DNA is the big gorilla in the lab. Of course, it's a very powerful tool in properly protected circumstances, but it used to only be used comparatively. As Tempe lectures to Skinny Slidell in the story, you couldn't use it in a vacuum. Now DNA is moving beyond that to where you can actually use samples to predict certain things: skin color, eye color, hair color, etc. And from that make probability statements [like] this person is probably from eastern Europe or sub-Saharan Africa. So that's the big shift, the big advance in DNA these days.
Before his recent retirement, your friend Lee Child always started writing a new novel every September on the same date. I’m wondering if you have any similar strategies. How do you approach a new book?
Because I’m on contract for one book a year, I start a new novel as soon as my editor receives the previous one. [Authors] talk about planners or pantsers, people who outline books as opposed to those who fly by the seat-of-their-pants. I outline the first eight to 10 chapters, then start writing. I know what the ending will be and what science will drive the story.
If instead of a well-known author you were starting out as a writer today, in 2020—what, if anything, would you do differently?
I would advise young writers starting out to get some training. To take courses in creative writing to learn how to do it right. I just sort of blundered through. I had no training. When I was in university, I always wanted to be in the science lab... I think if I had had [writing classes] at the outset it would have helped me a lot.
Lately in America we’ve seen a trend toward discrediting or disbelieving in science. Has that affected your work at all?
That's one of the points of the book. People can skew anything they want, put any theory out there on blogs or the radio. Sometimes they could be just crackpot theories like aliens at Area 51, but it can also be dangerous if they’re telling people not to vaccinate their children.
What is it about Tempe as a character that keeps readers and TV audiences wanting more?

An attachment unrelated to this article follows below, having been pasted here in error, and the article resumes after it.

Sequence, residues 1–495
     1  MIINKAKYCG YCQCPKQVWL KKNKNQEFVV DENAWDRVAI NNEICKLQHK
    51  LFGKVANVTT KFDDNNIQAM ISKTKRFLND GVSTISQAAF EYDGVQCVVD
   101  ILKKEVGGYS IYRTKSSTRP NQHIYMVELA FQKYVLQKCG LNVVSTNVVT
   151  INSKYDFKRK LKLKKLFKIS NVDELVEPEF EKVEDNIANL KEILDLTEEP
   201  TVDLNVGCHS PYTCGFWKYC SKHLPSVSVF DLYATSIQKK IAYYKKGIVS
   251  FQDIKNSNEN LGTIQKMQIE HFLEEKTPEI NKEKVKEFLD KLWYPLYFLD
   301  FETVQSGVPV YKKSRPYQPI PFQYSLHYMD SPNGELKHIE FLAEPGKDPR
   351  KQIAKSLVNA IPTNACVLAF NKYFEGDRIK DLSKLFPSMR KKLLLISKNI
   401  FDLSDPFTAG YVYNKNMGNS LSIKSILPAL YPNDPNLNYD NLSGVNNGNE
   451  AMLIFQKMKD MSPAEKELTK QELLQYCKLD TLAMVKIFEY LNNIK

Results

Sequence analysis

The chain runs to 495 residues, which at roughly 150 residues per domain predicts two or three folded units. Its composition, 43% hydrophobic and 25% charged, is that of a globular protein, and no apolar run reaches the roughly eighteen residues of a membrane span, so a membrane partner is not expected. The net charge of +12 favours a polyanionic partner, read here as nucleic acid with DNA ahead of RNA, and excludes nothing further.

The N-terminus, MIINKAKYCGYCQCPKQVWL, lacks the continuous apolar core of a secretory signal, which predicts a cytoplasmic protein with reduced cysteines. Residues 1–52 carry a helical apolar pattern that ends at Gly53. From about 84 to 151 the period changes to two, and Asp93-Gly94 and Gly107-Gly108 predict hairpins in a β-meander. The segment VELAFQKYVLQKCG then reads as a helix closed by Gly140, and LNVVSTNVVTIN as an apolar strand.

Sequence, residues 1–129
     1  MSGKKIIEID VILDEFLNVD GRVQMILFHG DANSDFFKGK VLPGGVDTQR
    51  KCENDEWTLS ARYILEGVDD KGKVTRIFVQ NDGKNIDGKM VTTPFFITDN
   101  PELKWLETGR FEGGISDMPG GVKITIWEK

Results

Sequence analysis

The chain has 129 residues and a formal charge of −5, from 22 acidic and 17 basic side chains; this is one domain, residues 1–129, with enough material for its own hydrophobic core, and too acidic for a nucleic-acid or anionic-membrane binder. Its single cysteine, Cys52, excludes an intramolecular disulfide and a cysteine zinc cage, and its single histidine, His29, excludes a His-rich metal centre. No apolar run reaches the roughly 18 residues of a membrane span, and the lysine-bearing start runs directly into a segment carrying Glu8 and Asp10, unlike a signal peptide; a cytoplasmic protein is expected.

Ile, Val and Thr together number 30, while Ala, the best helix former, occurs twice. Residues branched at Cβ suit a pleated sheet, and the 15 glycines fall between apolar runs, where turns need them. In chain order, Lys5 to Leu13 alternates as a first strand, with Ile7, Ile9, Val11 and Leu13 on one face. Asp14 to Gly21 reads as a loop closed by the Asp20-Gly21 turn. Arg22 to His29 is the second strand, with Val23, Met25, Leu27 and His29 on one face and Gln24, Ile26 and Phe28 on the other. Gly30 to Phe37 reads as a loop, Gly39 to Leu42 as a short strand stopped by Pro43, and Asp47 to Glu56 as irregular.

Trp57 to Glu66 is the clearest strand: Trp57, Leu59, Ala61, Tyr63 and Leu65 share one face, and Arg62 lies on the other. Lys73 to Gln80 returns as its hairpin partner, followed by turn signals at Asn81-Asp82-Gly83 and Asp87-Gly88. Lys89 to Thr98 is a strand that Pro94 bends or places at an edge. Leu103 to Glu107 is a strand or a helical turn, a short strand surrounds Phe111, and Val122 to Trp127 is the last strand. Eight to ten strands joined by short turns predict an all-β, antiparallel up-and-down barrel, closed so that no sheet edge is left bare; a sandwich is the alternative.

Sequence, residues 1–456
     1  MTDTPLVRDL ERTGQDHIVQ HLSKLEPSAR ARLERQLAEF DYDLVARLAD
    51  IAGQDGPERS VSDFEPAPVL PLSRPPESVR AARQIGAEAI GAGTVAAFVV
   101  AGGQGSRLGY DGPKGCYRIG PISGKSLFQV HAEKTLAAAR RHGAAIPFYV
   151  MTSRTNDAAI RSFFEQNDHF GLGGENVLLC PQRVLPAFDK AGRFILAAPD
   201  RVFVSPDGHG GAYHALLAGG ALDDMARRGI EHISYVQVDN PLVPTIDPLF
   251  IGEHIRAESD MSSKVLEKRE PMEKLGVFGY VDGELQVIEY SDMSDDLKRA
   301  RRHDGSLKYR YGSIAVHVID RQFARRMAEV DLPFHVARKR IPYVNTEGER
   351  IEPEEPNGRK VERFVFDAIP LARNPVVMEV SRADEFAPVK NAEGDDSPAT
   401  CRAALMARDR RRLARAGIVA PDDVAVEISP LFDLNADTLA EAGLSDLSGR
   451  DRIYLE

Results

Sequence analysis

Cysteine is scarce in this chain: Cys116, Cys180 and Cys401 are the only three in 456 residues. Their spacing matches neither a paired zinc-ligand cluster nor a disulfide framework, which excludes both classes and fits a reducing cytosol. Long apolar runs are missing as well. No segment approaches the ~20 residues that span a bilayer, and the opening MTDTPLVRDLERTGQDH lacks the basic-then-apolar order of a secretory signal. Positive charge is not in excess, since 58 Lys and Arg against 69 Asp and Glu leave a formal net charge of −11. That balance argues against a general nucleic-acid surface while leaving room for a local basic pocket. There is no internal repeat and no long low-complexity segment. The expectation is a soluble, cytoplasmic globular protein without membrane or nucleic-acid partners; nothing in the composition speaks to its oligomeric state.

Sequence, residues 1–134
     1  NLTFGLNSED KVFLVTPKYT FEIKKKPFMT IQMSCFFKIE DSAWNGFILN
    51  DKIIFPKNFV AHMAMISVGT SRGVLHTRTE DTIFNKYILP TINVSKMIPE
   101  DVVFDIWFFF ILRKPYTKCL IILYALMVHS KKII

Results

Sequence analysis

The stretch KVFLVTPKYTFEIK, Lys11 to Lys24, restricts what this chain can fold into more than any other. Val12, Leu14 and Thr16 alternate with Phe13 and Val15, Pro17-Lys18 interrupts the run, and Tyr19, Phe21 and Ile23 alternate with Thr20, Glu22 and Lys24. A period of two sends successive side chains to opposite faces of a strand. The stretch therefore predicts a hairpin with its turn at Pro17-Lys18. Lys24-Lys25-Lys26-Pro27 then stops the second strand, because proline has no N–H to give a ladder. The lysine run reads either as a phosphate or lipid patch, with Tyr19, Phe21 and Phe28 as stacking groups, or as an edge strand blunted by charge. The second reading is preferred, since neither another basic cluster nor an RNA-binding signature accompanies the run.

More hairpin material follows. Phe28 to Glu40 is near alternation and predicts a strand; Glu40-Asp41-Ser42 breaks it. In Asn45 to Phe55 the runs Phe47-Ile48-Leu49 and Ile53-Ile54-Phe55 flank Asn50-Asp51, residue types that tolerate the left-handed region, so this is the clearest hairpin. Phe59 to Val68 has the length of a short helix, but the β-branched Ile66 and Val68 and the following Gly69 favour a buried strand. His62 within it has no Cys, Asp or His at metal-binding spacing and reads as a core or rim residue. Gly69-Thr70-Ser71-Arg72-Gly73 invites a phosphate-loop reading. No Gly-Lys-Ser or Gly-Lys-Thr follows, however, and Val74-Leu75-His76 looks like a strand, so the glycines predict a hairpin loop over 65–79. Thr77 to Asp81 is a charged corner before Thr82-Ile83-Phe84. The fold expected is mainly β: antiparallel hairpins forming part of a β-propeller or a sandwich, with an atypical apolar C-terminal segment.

Part of it's the science. In the ’90s for some reason, all of a sudden the whole world became enamored with forensic science. And I think it’s also her personality. I wanted to create a character who was approachable, who wasn't cold and perfect, so she has flaws. And I wanted a character with some humor, in particular about herself.
Pre-pandemic, you’d been traveling the world—from the South Pacific to the Bering Straits. How important is travel for the creative writer? Do you draw inspiration from these adventures or is it more about recharging your batteries?
I think it's both. I never write about a place I haven't been. Maybe all writers are like that—well maybe not sci-fi writers—but if I visit a place, I will often incorporate that setting into my stories. The book Grave Secrets was based on work I did in Guatemala, and Bones Are Forever is based on having gone to Yellow Nights in the Northwest Territories up in the Arctic. So wherever I go, I'm always on the lookout for information I can use in the books.
What does the future hold for the Bones series?
I don't want to give away too much, but the 20th Temperance Brennan novel will deal with someone who modifies the human genome for his or her own advantage.
Your last book was the standalone novel Two Nights. Any plans for more books outside the series?
People just seem to want Tempe. Which is not to rule out the possibility of doing another standalone or possibly doing another co-authored book with one of my two writer kids. I like to keep the possibilities open. Right now, I’m under contract for the 20th Tempe Brennan book, so that's what I'm working on.
Jeremy Kryt is a regular contributor for The Daily Beast. His work has also appeared in Sierra magazine, Huffington Post, and In These Times magazine, among others.
August Norman is the author of Sins of the Mother, voted one of Suspense Magazine’s Best Thriller Novels of 2020.